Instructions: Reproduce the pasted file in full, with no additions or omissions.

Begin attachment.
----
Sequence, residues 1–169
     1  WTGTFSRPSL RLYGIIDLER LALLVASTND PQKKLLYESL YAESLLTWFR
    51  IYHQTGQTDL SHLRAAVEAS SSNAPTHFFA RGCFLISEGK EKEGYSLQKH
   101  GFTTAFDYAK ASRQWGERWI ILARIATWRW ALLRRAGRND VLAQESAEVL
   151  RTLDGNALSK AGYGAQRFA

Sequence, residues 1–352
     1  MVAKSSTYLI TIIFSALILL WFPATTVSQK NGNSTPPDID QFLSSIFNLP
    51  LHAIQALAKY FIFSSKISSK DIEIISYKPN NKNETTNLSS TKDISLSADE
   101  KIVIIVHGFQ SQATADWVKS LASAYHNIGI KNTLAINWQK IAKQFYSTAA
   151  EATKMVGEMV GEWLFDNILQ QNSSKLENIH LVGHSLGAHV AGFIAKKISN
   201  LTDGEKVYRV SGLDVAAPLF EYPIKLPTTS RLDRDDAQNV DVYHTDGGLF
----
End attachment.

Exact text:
Sequence, residues 1–169
     1  WTGTFSRPSL RLYGIIDLER LALLVASTND PQKKLLYESL YAESLLTWFR
    51  IYHQTGQTDL SHLRAAVEAS SSNAPTHFFA RGCFLISEGK EKEGYSLQKH
   101  GFTTAFDYAK ASRQWGERWI ILARIATWRW ALLRRAGRND VLAQESAEVL
   151  RTLDGNALSK AGYGAQRFA

Sequence, residues 1–352
     1  MVAKSSTYLI TIIFSALILL WFPATTVSQK NGNSTPPDID QFLSSIFNLP
    51  LHAIQALAKY FIFSSKISSK DIEIISYKPN NKNETTNLSS TKDISLSADE
   101  KIVIIVHGFQ SQATADWVKS LASAYHNIGI KNTLAINWQK IAKQFYSTAA
   151  EATKMVGEMV GEWLFDNILQ QNSSKLENIH LVGHSLGAHV AGFIAKKISN
   201  LTDGEKVYRV SGLDVAAPLF EYPIKLPTTS RLDRDDAQNV DVYHTDGGLF